Crew 1 – Office of State Lands, BLM, and Devon Energy, Coyote Gulch, Wyoming Jul 27-August 5 – This crew, which has become our fencing experts, built 3 beautiful and long-lasting enclosing stabilizing the head-cuts to exclude cattle from the wetlands. A few of the crew members even heard some sponsor employees mentioning that the fences we built were far better than the ones they build. As always, our WCC crews tend to impress the people who employ them.  In the last few days of the hitch, the crew moved camp and headed to Crook Mountain to take part in a 100 year experiment gauging the effects of riparian habitats that are cut off from grazing to gauge the regrowth of these areas. This meant our crew felling and cutting  limber pine trees to then be hauled to create a line of trees in the regrowth areas acting as a method to control specific areas of the experiment as well as provide a lumber fence.

Worth mentioning – Thanks to Ryan Oberhelman calling in a prairie fire near the work site on BLM land, the BLM fire crews were able to put out the fire hours after the dispatch. Turns out, Ryan has worked fire crews before and knows how to read a map. Those experiences combined meant that just a few acres of prairie burned rather than would could have been…Wyoming thanks you Ryan.

Education Day – Seen below in blue shirts, Crew 1 met with Devon Energy at one of their Wyoming facilities to see a PowerPoint and tour the plant. This was no small education day. The Nature Conservancy, uppers from Devon Energy, State Office, and the County Commissioners were all represented to honor the WCC crews. A pretty fantastic networking opportunity if you ask us.

Day off – Having spend their entire hitch in the desolate desert and prairie of central Wyoming, the crew headed off to Lander and Sinks Canyon State Parks to chill out, eat, and see some waterfalls.

Kayla Matlock clipping a fence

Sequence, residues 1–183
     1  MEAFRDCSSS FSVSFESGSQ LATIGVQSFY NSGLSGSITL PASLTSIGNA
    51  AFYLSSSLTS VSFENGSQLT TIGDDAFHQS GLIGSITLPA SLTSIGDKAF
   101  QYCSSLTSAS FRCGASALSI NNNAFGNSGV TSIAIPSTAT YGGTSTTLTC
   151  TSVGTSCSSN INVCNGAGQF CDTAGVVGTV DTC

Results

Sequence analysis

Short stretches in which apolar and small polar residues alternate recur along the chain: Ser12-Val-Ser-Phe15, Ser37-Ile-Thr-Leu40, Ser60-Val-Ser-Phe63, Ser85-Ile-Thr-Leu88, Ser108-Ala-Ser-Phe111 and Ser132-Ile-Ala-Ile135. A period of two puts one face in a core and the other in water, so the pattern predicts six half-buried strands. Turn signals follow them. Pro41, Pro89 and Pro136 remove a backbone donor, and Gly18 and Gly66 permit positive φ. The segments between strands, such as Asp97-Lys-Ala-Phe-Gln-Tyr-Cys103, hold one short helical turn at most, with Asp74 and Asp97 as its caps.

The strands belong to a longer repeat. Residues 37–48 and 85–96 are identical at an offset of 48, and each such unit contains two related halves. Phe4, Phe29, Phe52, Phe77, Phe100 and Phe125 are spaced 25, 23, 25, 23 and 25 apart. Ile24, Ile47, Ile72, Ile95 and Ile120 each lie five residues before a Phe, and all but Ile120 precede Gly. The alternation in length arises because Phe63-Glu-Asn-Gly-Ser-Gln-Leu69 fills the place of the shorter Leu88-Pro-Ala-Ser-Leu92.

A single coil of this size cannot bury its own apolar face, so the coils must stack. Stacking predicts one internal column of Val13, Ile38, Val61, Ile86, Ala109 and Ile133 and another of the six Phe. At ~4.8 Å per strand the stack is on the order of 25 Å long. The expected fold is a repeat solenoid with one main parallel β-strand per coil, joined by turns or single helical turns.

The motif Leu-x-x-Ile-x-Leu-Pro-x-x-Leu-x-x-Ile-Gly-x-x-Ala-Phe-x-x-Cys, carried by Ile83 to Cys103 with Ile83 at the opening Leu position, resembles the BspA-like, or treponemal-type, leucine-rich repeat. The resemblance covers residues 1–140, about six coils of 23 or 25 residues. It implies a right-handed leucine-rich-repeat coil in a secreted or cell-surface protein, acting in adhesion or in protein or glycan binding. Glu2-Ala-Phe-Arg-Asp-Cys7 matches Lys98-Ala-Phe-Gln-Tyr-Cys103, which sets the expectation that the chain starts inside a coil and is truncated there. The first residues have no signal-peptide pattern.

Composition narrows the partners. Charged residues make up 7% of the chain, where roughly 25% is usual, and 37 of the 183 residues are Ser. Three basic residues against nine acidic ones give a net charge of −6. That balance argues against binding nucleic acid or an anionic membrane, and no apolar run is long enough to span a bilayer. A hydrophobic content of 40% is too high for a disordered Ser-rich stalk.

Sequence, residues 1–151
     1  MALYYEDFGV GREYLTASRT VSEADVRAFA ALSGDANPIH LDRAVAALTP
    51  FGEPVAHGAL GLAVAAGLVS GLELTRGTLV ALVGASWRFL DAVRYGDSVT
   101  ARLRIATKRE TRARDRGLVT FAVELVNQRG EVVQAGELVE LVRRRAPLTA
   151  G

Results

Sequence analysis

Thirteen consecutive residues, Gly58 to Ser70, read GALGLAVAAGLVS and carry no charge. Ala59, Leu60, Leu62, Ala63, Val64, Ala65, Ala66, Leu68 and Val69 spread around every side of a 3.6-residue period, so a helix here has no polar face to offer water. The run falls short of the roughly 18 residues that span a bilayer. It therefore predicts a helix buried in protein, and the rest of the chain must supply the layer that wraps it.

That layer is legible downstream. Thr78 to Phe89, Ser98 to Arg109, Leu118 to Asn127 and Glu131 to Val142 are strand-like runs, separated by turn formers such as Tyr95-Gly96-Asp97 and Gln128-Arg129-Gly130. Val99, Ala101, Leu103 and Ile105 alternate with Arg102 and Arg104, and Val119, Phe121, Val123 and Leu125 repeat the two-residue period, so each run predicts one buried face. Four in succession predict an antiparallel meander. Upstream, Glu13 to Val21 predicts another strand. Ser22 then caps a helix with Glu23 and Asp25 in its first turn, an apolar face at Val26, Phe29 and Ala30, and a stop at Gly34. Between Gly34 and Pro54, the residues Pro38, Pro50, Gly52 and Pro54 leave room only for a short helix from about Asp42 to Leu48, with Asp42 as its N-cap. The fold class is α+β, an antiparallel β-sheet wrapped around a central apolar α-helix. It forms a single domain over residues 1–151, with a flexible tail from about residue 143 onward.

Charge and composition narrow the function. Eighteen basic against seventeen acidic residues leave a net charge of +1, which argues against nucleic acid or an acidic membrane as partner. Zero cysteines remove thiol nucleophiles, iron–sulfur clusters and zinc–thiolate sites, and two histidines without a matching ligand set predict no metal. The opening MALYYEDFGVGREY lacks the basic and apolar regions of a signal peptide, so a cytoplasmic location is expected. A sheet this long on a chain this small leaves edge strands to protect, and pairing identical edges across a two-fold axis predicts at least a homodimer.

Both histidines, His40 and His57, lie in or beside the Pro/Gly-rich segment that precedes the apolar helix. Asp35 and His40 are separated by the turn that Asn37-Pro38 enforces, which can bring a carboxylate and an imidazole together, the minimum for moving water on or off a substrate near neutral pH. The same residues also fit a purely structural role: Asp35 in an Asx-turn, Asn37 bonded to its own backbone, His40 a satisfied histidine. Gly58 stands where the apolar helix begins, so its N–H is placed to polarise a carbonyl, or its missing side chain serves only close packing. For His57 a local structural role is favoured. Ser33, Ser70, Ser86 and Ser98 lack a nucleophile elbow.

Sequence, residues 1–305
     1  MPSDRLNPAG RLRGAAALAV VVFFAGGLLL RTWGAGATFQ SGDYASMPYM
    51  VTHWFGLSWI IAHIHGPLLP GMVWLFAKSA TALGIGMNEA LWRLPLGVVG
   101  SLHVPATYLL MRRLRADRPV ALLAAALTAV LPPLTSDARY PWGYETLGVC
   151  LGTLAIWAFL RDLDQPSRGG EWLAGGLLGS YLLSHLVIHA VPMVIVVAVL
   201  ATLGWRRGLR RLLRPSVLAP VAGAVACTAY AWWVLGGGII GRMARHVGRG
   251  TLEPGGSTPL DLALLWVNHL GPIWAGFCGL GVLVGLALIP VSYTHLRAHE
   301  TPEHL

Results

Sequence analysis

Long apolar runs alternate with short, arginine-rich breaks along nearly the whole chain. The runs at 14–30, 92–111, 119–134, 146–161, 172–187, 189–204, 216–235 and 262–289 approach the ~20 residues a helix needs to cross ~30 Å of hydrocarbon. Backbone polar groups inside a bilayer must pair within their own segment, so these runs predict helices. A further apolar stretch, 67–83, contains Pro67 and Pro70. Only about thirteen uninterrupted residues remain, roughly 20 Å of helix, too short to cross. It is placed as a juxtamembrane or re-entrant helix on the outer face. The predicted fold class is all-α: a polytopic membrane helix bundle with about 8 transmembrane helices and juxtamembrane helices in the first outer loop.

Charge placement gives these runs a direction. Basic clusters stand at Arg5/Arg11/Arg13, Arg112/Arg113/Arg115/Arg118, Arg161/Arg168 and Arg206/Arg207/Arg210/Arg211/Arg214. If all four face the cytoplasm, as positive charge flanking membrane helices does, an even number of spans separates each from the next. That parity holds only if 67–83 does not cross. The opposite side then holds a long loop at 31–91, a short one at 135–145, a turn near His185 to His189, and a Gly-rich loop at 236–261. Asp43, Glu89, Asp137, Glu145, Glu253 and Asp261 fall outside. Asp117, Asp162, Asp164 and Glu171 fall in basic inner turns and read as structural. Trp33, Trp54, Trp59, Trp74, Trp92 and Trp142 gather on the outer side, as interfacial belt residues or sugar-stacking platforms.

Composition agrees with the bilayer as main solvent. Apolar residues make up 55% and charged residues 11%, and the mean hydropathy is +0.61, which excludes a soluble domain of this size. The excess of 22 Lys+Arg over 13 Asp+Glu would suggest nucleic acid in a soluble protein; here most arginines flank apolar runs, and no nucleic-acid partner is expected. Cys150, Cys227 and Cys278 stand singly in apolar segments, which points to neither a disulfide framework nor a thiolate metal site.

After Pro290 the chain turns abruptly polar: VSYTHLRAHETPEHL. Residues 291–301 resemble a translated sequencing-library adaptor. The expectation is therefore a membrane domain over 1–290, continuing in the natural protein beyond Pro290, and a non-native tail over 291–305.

Crew 1 pretty for a Devon Energy tour
Shane Nielson hammering in an H-Brace
Jordan Giese wobbling a post back in place

Crew 2 – Tronox, BLM, North of Green River near Seedskadee National Wildlife Refuge, Wyoming July 27-August 5 – Completing nearly 3 miles of difficult fencing through the harsh big empty of central Wyoming, crew 2 should be very proud. Not only did the crew have to repair H-Braces and replace t-posts, but they had to rip out all the old woven wire that was not wildlife friendly and replace it with a smooth bottom wire. One of our crew members, Christian Marr (C-Marr as she is called on her crew) took meticulous and thoughtful wildlife surveys of the riparian areas finding bones and possible flakes from ancient stone tools.

Education Day – This time, the crew rode out with Tom, the manager of the wildlife refuge, to the wetlands and identified species, discussed recent and past human history, and chatted about careers in the federal agencies. All around one of the best Education Days we have had this season. Harper gave the day 5 Stars!

Day Off – This time the crew spread out. Some went to the Wind River Range to the Little Sandy area while others floated the Green River. Some even just relaxed at the fantastic Seedskadee National Wildlife Refuge.

The crew presented and discussed the work they were doing at the Green River City Council meeting.
The crew poses with the agency contacts representing the 2 major partners who made this hitch possible – Tronox and BLM
Alek Angele looking up from clipping fence.
Doing what Christian loves best – smiling and lifting heavy things.

Crew 3 – Thunder Basin National Grasslands, Wyoming July 27-August 5 – This crew is in the running for one of the toughest hitches all summer! In Thunder Basin, Crew 3 walked lines along the desert and prairie spraying Delta Dust, a chemical compound that has proven to support prairie dogs live expectancy through the sylvatic plague, an explosive, flea-borne disease that tears through prairie dog colonies. Less prairie dogs mean less ferrets and less ferrets mean less food for the big predators including the Canadian Lynx. Find out more about projects concerning prairie dogs and ferrets at the  National Wildlife Health Center website.

Our crew did a great job keeping moral high through the hot sun and monotony of spraying each hole in the big treeless landscape. They played games, cooked great meals, and found jokes in everything. At some point, Simone tells me that Eli tried to catch a prairie dog but was unsuccessful. Everyone on the crew got to see a rattlesnake with no bites and Simone made everyone homemade donuts which turned out to be a great success.

Education Day – Christie Painter, from USFS, came to camp answering questions and concerns  the longevity of the work they are doing and how this work has successful results in buffering the populations. She even spent time discussing how one should build a résumé for USAjobs, discussed the work she does, and the contacts she might be able to pass on.

Day Off – The crew journeyed over to Douglas and played in the water slides there, some even tubed the river, got ice cream (of course), had dinner, and slept in the city park.  Relaxing.

Jason dustin’
The crew takes a minute to line up again

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